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  1. Congrats! I was rooting for you!
  2. For me, the notes I had from School of PE and the CERM was more than enough for the AM. Economics is a topic for all Civil disciplines, the problem context might be different but the procedures are all the same whether the question is about money or population growth. You should be familiar with how to use interest tables in any case. I'm not a great test taker myself but I really do believe a 32+/40 score in the AM is attainable for anyone hoping to pass this exam (if you are putting in the study time). If you did enough practice problems, there's a good chance you've seen the problem before, or at least one similar to it. Time is the currency for this exam, any time you save on one problem is time you can spend solving another one. Whatever your depth is, the morning questions in that area should be free points (and free time!) I don't think that's debatable, these questions are designed so that they are solvable by someone taking any civil discipline. If you can handle the depth section of a subject, the breadth should absolutely be painless. It's definitely worth your while to get familiar with the problems. The last thing you want to have to do is have to figure out something new during this exam. If it comes to that, you'll be glad you have all that precious time saved up from earlier. Obviously, it's paramount to solve what you know first. Do not dwell on questions that you are unsure of until you've gotten everything else out of the way. Based on what @mnguy88 said, it seems like any PE license would be the same for him. It's great how encouraging this board seems to be, but I personally could not imagine taking the structural depth without the undergrad foundation that I have. Everyone's situation is different however I think it's incredibly unrealistic to squeeze that much schooling into say ~250 hours of exam prep with no prior knowledge.
  3. I don't mean to discourage you but if all you need it for is a pay bump, there's clearly a more direct route. Just wanted to point out that you chose a tough(er) row to hoe.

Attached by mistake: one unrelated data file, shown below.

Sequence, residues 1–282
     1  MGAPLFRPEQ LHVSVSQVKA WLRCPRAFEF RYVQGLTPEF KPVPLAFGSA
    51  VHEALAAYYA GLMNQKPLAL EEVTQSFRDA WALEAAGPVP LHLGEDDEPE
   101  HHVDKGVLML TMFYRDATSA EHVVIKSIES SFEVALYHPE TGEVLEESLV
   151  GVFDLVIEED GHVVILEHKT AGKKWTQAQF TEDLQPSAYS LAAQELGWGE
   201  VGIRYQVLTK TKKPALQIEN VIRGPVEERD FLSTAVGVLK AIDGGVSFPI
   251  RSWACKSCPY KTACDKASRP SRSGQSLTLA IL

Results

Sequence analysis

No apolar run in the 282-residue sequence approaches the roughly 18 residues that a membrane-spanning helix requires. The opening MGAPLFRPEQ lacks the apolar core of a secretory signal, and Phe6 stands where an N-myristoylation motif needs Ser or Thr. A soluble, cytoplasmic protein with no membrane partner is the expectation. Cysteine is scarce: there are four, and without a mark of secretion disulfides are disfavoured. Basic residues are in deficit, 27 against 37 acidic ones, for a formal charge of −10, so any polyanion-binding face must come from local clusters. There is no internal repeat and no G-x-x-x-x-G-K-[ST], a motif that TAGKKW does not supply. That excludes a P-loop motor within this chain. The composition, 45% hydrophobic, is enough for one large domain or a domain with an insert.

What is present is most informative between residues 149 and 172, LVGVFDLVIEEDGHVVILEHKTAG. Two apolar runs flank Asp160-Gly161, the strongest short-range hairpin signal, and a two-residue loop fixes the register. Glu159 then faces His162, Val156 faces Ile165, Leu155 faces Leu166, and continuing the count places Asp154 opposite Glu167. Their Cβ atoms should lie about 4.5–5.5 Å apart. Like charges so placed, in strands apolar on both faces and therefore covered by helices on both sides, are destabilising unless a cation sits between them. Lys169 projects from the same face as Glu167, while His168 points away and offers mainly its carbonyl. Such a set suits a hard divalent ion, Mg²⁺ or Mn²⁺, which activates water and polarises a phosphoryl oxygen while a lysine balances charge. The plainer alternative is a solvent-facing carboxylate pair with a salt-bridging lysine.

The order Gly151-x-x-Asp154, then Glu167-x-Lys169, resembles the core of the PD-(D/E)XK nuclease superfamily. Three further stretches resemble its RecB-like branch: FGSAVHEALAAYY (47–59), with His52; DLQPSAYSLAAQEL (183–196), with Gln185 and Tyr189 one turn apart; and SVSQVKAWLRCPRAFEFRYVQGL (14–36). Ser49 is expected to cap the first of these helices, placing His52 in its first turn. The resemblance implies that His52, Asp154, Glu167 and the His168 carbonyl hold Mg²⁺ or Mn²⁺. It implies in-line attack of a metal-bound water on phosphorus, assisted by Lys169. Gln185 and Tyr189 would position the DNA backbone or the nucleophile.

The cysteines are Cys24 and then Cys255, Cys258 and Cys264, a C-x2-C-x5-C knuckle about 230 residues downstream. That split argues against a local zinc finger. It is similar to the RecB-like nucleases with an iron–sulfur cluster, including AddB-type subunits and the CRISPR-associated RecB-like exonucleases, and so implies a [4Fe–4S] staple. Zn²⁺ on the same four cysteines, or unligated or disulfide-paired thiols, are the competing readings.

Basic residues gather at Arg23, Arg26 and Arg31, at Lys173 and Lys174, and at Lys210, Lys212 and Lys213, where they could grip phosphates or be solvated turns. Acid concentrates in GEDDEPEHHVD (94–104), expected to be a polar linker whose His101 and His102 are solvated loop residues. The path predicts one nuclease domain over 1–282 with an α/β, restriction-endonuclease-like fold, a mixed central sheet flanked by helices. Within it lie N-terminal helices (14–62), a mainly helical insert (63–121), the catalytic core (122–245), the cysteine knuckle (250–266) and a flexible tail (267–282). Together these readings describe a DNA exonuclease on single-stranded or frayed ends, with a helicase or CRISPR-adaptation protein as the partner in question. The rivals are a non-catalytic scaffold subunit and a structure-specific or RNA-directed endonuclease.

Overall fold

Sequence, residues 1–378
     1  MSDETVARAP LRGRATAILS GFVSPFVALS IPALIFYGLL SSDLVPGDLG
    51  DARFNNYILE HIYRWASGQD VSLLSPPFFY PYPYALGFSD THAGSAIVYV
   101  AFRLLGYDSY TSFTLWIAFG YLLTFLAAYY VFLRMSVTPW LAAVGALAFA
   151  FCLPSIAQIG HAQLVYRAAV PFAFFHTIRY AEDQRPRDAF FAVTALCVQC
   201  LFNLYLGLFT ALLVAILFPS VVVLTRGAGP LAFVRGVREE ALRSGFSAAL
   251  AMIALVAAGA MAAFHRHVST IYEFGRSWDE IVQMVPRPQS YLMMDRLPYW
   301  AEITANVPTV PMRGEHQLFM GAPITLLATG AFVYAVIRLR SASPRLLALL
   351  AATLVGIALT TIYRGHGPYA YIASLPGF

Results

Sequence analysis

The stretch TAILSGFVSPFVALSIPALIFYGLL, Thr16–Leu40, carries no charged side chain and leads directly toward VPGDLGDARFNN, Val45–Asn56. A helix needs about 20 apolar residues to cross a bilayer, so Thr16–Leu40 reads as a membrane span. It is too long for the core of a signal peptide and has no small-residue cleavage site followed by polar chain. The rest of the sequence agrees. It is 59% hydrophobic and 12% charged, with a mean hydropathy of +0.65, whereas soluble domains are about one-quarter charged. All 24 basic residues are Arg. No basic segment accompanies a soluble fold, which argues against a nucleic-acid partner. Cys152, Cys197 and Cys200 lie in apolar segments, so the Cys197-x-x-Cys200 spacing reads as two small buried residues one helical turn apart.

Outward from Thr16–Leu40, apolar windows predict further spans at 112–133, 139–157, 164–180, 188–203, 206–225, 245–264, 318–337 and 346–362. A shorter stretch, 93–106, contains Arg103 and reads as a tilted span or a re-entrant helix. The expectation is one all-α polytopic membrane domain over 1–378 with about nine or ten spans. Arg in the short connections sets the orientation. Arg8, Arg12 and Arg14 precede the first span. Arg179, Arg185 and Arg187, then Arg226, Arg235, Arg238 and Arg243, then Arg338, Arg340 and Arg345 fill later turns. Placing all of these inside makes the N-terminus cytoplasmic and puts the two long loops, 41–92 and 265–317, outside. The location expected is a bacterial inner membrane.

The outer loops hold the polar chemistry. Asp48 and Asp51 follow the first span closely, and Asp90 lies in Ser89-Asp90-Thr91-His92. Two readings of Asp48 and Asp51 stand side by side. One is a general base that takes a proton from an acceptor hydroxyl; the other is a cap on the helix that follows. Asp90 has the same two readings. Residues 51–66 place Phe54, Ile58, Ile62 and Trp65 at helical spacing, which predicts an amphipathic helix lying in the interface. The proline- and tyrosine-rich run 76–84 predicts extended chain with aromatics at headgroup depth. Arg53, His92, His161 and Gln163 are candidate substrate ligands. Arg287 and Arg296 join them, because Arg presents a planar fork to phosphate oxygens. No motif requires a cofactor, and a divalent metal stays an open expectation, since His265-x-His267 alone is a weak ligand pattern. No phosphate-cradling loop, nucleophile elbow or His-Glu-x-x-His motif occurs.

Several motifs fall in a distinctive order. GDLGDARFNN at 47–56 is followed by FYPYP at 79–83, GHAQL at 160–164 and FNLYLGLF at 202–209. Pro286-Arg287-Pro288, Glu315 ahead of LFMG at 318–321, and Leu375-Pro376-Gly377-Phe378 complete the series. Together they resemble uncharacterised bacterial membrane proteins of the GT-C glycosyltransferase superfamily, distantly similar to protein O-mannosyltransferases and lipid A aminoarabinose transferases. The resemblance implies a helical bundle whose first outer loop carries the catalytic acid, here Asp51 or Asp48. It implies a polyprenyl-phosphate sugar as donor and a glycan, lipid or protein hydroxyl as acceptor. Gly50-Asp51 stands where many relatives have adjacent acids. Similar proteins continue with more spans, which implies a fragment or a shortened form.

4. Considering you have no civil engineering background (let alone structural) and do not work in the profession, I think you've done pretty well for yourself so far. Structural Engineering is not an easy subject and I don't think it's the easiest available option for this exam. My undergrad had a heavy emphasis on structural analysis and design. I have been a structural engineer for the last year at my company, with the remaining time (3 years) spent designing roadways. Most of my colleagues suggested I take the Civil Transportation PE rather than the Structural. I even know some full time structural engineers who have skirted the Structural PE for an easier pass. Personally, I still took the Structural PE. In hindsight, it might not have been the smartest decision on my part. At the end of the day, a PE is a PE. There is no distinction once you've passed, at least from what I can tell; someone please correct me if I am wrong. I'm pretty sure I worked harder than I had to and there are undoubtedly more references for the Structural Depth than any of the other Civil disciplines. In the end it worked out for me but it served no purpose other than to prove a point to myself. It's great that you are interested in the subject. But on the other hand, I personally think that unless you plan on working in that field in the future, you may be doing yourself a disservice. The calculations are inherently more complicated compared to the other disciples and there are many more codes & references. You also have to recognize there are many ways you can go through a whole question thinking you are right and still wind up with a trap answer. As noted in the post above, the distinction between ASD and LRFD is a good example of this. You can spend a whole 6 minutes on a problem, then forget a reduction factor and you would have been better off guessing from the get go. If you plan on taking the structural exam again, make sure you have all the references. As you saw, the most recent PM section was very code oriented. The morning is also crucial because the type of problems that will be asked are much more predictable and less demanding. The more points you can get in the AM, the more slack you have for the PM. Good luck!
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